XQ-58A 'Valkyrie' drone successfully flown by AI pilot

The Air Force Research Laboratory has announced that an XQ-58A "Valkyrie" drone has successfully been flown entirely under AI control for around three hours.
Christopher McFadden
XQ-58A "Valkyrie" demonstrator, circa 2019.

88 Air Base Wing Public Affairs/Wikimedia Commons 

An experimental XQ-58A "Valkyrie" drone has officially been flown under artificial intelligence control, the Air Force Research Laboratory (ARFL) announced. Conducted on July 25 at the Eglin Test and Training Complex in Florida, the test flight saw the drone entirely AI-controlled for around three hours.

This test follows around two years of research and development between a partnership with Skyborg Vanguard, a team made up of personnel from the Air Force Research Laboratory, and the Air Force Life Cycle Management Center with the intent of creating unmanned fighter aircraft.

AI loyal wingman

In case you are unaware, the Kratos XQ-58 "Valkyrie" is an unmanned combat aerial vehicle (UCAV) that Kratos Defense & Security Solutions are currently testing for the United States Air Force's Low-Cost Attritable Strike Demonstrator (LCASD) program. The "Valkyrie" was designed to be stealthy and was built as part of the USAF Research Laboratory’s Low-Cost Attritable Aircraft Technology (LCAAT) project portfolio.

“This sortie officially enables the ability to develop [artificial intelligence and machine learning] 'agents' that will execute modern air-to-air and air-to-surface skills that are immediately transferrable to the CCA program,” said Col. Tucker Hamilton, the chief of AI test and operations with the Air Force. The CCA program, also known as collaborative combat aircraft, aims to develop combat drones that can function alongside human-piloted F-22 and F-35 aircraft (aka "Loyal Wingmen").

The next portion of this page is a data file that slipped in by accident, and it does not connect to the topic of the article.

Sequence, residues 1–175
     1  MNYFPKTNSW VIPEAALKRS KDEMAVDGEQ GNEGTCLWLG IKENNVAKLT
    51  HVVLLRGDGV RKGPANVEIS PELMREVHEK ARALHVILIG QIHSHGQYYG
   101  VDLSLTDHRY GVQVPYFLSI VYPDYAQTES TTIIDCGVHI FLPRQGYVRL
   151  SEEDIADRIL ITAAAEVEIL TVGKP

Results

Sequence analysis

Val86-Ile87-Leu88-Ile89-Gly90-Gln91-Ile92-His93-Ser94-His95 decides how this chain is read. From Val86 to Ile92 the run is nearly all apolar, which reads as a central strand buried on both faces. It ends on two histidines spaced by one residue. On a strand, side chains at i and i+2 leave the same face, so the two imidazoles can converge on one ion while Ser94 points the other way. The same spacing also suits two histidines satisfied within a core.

The Autonomous Air Combat Operations (AACO) team at the lab developed algorithms for the flight. They spent millions of hours perfecting these algorithms through simulations, sorties with the X-62 VISTA experimental aircraft, working with the XQ-58A, and conducting ground test operations.

“The mission proved out a multi-layer safety framework on an AI/ML-flown uncrewed aircraft and demonstrated an AI/ML agent solving a tactically relevant “challenge problem” during airborne operations,” said Col. Hamilton.

Past XQ-58A "Valkyrie" flights have supported the Air Force's research into loyal wingmen. These completely autonomous aircraft will fly with and support human pilots and 6th-generation combat aircraft during sorties.

“AI will be a critical element to future warfighting and the speed at which we’re going to have to understand the operational picture and make decisions,” Brig. Gen. Scott Cain, the lab’s commander, said in the announcement. “AI, Autonomous Operations, and Human-Machine Teaming continue to evolve at an unprecedented pace, and we need the coordinated efforts of our government, academia, and industry partners to keep pace," he added.

Vital for DoD

“AACO has taken a multi-pronged approach to uncrewed flight testing of machine learning Artificial Intelligence and has met operational experimentation objectives by using a combination of High-performance computing, modeling and simulation, and hardware in the loop testing to train an AI agent to safely fly the XQ-58 uncrewed aircraft,” said Dr. Terry Wilson, AACO Program Manager.

The Department of Defense (DoD), AFRL explained, is dedicated to the responsible use of AI. To achieve this, developers and users of AI-enabled autonomy must collaborate with acquisition specialists.

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